We interrupt this blog post to stick out our tongue at everyone who has something to say on the subject of our inability to make phone calls. THPPFFT! as Bill the Cat would say.
We now return you to our regularly scheduled self-absorbed out-loud musings.

So last year I had a lot of unstructured time, and I wondered constantly about the best way to fit those things into my life. Should I spend 10:00-11:00 writing, and then 11:00-12:00 on letters and phone calls and then 1:00-2:00 on Hebrew, every "free" day? Or should it be more like this: Mondays - write. Tuesdays - Hebrew. Wednesdays - correspondence. Always I come up with possibilities like this; always Life comes along and gets in the way, and instead of writing at 10am, I sleep in, and then instead of doing whatever at 12, I go for a walk and read my book in the sun, and then at 2 so-and-so calls me up and I go over to her house to hang out, and in the end I'm up very late at night, having done none or nearly none of what I planned, and before going to sleep I resolve that the next day will be different.

How many times can one resolve that Tomorrow Will Be Different? Ha!

Now honestly, I don't mind all that much, if I have indeed spent a day sleeping in, going for a walk and reading my book in the sun, and then hanging out with a friend. That's a damn good day. It's more the time I spend doing nothing, or somehow putzing around, or refreshing facebook 80 times a minute... how do I spend so much time doing... nothing? I don't know.

Because I am very good at always being where I'm "supposed" to be when "supposed to" includes the world outside of my head, I use that as often as possible. I see that I never just sit down with my Hebrew books and get my learning on, so I sign up for (and pre-pay for - always a strong motivator for me) Hebrew classes in some adult-ed program, and then I *have* to go and I do go. I don't always spend enough out-of-class time studying, I don't always do my homework in a timely fashion, but at the very least I show up to class. So I'm usually in good shape with a particular activity if I can basically move it from the "free time" category to the "structured time" category, if I can stick it in Outlook and label it recurring. Part of the success of that is that other people are, if not depending on me, then at last expecting me. Another part is, as I've said, the fear of losing money that I've already paid. So that strategy works for certain kinds of things, like studying Hebrew. How do you do that for returning-email-time??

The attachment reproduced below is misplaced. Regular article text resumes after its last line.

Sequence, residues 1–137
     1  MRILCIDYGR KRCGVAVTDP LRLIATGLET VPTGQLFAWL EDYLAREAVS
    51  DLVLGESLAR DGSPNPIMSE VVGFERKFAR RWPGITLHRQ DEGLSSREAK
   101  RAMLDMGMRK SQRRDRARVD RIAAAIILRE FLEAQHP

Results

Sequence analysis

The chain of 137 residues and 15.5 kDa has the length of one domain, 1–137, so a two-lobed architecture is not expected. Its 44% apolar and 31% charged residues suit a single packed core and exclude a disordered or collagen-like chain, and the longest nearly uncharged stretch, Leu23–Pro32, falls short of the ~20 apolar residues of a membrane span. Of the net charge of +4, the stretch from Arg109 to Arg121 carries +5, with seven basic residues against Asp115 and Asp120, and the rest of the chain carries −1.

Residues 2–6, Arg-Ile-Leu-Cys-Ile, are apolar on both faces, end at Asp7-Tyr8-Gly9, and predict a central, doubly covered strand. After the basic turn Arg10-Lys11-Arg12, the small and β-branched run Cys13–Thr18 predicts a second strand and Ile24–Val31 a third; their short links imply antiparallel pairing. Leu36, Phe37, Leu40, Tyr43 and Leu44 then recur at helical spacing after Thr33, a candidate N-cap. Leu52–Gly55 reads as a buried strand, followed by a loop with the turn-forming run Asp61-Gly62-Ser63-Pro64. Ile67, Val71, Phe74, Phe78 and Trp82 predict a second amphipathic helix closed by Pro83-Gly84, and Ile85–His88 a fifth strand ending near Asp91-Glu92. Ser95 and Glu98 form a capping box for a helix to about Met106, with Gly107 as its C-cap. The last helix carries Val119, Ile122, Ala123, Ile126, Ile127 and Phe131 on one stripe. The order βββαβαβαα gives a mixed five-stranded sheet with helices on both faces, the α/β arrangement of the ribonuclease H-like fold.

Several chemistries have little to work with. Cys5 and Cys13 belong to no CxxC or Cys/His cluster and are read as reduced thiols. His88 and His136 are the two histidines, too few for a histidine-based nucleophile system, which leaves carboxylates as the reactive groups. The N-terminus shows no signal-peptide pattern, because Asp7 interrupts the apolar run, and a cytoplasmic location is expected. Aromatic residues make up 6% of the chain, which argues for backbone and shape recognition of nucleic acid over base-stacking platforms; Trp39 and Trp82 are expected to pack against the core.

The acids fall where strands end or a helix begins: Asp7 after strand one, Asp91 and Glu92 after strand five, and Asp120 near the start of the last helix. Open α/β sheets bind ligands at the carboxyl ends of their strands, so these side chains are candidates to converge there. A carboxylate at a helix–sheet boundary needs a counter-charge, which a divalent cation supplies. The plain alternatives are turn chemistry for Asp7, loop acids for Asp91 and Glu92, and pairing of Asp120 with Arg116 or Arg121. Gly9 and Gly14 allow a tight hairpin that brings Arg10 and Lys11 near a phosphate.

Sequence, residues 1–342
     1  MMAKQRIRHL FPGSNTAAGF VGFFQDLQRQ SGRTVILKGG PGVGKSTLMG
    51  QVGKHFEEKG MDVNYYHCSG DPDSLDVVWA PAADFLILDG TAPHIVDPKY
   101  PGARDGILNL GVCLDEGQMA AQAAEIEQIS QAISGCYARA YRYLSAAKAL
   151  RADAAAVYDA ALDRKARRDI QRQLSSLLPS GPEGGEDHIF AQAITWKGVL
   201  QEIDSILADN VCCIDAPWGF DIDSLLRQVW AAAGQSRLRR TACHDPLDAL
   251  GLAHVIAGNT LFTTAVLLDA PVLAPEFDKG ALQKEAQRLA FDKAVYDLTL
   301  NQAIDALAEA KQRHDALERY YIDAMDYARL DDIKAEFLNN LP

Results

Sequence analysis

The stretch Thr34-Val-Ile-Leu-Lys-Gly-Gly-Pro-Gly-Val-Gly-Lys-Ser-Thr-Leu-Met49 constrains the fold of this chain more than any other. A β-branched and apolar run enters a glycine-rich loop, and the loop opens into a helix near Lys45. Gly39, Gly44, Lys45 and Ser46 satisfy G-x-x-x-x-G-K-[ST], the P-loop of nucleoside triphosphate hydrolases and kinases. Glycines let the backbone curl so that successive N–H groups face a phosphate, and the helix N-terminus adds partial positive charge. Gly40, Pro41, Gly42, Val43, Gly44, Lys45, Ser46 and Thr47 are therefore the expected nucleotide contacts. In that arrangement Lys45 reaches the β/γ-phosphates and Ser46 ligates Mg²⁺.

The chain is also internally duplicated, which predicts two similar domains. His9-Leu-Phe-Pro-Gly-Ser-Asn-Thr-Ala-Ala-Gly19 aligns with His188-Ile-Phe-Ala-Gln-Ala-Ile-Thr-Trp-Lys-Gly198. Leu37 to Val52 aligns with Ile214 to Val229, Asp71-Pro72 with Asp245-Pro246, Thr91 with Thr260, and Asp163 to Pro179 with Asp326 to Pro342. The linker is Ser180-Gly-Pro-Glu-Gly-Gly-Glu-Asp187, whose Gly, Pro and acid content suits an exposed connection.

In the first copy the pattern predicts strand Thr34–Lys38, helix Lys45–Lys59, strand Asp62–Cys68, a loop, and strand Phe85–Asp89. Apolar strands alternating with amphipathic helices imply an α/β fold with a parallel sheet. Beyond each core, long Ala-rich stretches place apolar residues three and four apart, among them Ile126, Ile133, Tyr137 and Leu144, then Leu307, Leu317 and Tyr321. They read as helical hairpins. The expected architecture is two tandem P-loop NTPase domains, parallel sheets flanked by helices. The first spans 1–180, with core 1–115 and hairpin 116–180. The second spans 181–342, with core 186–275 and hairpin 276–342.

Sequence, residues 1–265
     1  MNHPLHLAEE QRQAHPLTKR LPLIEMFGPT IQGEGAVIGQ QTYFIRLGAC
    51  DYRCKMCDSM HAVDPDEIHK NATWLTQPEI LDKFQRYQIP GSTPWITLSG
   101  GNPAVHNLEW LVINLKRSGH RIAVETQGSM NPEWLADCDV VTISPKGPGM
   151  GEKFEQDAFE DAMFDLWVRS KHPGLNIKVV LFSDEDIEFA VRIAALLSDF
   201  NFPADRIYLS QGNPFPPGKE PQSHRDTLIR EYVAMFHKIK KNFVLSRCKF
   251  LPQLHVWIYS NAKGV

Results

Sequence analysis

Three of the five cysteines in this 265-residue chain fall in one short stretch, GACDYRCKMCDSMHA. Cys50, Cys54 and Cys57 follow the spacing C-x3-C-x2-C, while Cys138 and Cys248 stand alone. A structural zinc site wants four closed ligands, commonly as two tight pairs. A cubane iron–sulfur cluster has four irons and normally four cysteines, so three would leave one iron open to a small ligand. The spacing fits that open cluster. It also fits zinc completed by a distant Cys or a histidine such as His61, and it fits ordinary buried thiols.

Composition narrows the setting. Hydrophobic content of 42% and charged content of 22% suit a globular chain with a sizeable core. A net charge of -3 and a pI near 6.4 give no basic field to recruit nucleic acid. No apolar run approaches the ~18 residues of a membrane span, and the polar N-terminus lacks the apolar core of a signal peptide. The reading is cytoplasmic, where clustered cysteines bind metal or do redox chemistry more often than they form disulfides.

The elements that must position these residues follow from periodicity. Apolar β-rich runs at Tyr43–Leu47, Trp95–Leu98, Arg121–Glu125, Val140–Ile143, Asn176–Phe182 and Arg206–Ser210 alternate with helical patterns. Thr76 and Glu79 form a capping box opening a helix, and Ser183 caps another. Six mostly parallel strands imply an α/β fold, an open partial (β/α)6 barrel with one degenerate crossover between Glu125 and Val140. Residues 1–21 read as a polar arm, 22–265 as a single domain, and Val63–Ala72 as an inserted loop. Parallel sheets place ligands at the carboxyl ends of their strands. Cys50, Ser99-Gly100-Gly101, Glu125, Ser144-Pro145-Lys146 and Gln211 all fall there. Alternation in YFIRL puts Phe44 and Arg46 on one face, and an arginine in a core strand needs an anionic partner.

Wow, I've gone far afield today from the topic about which I intended to write. This has gone on entirely too long. What I really meant to say was this: I had a good day, if not an altogether exciting or inspirational one.
I got up early, and was out the door a little after 7am. (ungodly early, in my opinion, but I'm still on EST so it wasn't too painful) (I needed to be Somewhere Important at 8, and I was. I'm rarely late for job-related events.)

After the job-related portion of the day ended, I ran a number (and that number is...) of errands that I had planned to do: I got my car washed, I went to the post office, I got my eyebrows waxed. (TMI? Ha!)

Then a friend *did* call and invite me to come over for dinner, and I accepted, even though it meant throwing over my plans to go to the gym, cook dinner, and do more prep work for the rest of this week.

Here's where it gets crazy: a few minutes later, I called back and said I'd changed my mind. Instead of going over there, I WENT TO THE GYM, COOKED DINNER, AND DID MORE PREP WORK FOR THIS WEEK.

Well, and spent entirely too long on this entirely-too-long post.